BP got directly involved with communities along its new pipeline. David Arce Rojas, the agent of BP Exploration Company (Colombia), signed detailed eight-page contracts with the peasant proprietors. The contracts agreed to compensation for a strip of land just 41 feet wide. The compensation rate was 120 pesos (10 cents) per square foot of this strip, plus any additional damages.

Between June 1995 and March 1996, BP made three payments to each smallholder. In one typical case the peasant family’s total compensation package was for 1,576,250 pesos, about $1,400, or $1.70 per foot of pipeline at 1996 exchange rates.

The Compensation Claims

BP’s Cusiana-Coveñas line came on-stream in 1996, by which time the security situation had deteriorated in the Zaragoza region. Army units enforced a civilian-free corridor for 330 feet on either side of the double pipeline. The army instituted a 6pm to 6am curfew, which curtailed locals’ access to their own land, and for some, to their own homes.

The combined effects of additional erosion from the second pipeline and the curfew meant that instead of losing the use of a narrow corridor, some peasants had lost the use of their entire holdings. Some of the peasants have been forced to abandon their homes and move to the outskirts of Medellín where they have fallen into acute poverty. The peasants sum up their predicament with the saying, “My shirt has no value to you, but for me it has.”

Five families are still seeking compensation from ODC for damages and the loss of ten years of income totaling 525 million pesos ($225,00). A second group of twenty families has claims against OCENSA for $620,00 in damages caused by BP’s Cusiana pipeline. There is ample evidence. A report by two local officials of the Zaragoza court summarizes the damage as “constant erosion, scarce re-vegetation, and fundamentally the total lack of water.”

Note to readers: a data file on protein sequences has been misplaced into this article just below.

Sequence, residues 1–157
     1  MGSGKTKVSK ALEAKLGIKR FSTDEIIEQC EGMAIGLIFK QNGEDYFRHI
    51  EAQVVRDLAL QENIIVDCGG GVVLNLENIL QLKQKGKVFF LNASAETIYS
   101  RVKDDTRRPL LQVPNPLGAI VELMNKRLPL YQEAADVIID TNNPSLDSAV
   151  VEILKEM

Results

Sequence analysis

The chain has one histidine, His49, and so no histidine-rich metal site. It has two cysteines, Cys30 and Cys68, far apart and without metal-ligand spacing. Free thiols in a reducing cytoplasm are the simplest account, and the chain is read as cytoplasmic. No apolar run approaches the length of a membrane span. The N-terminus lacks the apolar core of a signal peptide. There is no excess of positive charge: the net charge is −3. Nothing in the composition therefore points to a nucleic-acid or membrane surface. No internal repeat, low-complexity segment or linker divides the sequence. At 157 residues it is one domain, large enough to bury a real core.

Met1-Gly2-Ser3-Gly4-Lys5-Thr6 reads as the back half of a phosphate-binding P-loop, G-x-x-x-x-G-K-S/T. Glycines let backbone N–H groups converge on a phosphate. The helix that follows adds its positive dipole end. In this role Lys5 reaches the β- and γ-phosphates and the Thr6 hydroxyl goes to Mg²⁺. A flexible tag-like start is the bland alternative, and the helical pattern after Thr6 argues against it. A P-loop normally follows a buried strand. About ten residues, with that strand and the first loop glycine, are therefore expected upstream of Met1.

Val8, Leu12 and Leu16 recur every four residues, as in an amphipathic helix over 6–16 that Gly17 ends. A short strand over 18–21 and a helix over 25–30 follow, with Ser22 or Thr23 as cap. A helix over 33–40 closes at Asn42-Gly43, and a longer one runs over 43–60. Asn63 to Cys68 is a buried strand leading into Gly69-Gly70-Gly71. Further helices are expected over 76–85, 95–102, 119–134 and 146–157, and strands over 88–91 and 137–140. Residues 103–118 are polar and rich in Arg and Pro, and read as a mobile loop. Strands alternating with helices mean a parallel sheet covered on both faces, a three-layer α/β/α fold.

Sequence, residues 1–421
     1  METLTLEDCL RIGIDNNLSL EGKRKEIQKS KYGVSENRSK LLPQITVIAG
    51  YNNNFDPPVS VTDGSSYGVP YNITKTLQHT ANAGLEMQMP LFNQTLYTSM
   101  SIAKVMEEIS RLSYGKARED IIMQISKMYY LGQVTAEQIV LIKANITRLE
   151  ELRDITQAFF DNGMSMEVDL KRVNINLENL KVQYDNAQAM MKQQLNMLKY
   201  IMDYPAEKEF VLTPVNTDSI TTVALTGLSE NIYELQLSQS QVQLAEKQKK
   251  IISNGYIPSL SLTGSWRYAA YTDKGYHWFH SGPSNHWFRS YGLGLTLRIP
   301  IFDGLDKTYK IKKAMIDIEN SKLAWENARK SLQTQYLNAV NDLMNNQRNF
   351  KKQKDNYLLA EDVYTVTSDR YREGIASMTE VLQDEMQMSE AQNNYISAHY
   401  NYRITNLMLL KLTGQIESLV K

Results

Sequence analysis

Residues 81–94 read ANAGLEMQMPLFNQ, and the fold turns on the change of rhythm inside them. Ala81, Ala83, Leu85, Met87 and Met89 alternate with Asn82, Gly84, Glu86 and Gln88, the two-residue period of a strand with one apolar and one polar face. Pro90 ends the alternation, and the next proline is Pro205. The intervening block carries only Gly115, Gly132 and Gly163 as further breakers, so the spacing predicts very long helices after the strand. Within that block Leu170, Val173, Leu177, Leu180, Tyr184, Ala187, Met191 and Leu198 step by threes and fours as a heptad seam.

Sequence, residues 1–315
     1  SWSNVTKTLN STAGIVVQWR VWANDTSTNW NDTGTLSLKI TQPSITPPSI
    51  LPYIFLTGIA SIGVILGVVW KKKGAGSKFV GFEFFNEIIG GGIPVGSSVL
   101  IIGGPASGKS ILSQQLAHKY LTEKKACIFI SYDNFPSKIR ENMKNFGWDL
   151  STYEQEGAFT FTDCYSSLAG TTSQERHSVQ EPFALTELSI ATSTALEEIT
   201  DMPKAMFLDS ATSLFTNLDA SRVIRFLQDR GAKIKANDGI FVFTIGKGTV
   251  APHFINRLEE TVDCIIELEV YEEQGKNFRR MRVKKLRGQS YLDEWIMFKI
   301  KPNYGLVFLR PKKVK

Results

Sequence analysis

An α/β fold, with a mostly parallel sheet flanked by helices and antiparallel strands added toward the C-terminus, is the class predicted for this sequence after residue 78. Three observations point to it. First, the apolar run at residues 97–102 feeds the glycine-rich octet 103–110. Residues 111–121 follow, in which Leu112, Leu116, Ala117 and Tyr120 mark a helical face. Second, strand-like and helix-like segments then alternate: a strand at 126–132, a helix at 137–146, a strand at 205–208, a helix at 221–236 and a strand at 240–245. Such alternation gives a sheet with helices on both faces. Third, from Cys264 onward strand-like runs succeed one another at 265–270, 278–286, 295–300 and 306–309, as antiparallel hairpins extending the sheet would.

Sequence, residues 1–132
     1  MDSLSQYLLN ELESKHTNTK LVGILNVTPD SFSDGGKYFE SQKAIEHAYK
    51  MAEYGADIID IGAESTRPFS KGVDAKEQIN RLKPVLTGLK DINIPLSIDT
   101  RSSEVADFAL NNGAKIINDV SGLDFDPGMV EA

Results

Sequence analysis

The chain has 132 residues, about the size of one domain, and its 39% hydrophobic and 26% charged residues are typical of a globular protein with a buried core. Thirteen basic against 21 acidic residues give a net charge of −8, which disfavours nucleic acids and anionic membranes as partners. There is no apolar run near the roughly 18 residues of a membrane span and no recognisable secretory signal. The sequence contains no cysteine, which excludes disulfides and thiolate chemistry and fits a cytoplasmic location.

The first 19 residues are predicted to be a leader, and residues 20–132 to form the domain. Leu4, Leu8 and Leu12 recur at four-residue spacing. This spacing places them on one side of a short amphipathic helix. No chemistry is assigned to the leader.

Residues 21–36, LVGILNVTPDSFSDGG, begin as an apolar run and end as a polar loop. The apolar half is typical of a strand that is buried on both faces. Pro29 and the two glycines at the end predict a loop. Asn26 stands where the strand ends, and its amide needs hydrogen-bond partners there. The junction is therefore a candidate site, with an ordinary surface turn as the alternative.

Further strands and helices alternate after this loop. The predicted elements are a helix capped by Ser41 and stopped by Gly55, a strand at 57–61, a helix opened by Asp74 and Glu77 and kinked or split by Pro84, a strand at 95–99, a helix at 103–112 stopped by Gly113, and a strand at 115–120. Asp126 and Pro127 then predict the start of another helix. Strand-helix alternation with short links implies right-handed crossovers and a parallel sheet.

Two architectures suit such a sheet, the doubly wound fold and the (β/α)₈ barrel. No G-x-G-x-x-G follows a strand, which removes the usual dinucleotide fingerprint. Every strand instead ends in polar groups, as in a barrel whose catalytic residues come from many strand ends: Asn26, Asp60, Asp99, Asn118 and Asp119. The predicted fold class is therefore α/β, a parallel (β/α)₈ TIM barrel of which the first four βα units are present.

OCENSA now represents ODC’s interests as well as its own in the dispute with the peasants and has so far refused to make a settlement beyond the original payment. Its spokesman claims that, “No company has shown such environmental responsibility. We’ve done things well.”

BP’s Global Polices

BP’s ‘no damage to the environment’ policy goal sets a high standard that is not being met in Colombia. The company’s land stewardship policy emphasizes prevention: “The best way to leave the land in valuable condition is not to damage it while using it” guidance policy has been ignored by BP’s Colombian subsidiaries.

In June, BP Amoco finally addressed the questions raised during April’s General Meeting regarding the Colombia situation. A company spokesman stated that BP endorses OCENSA’s management of the ongoing situation and is confident a resolution can be reached through the Colombian legal system.

BP’s Colombia operation constitutes about one fifth of its worldwide oil output. How has BP managed to achieve record profits of $1.4 million an hour? The answer, at least in part, is that BP does not properly compensate victims who, like the peasants of Zaragoza, have lost their land and livelihoods as a consequence of its highly profitable operations.

This article originally appeared in Colombia Report, an online journal that was published by the Information Network of the Americas (INOTA).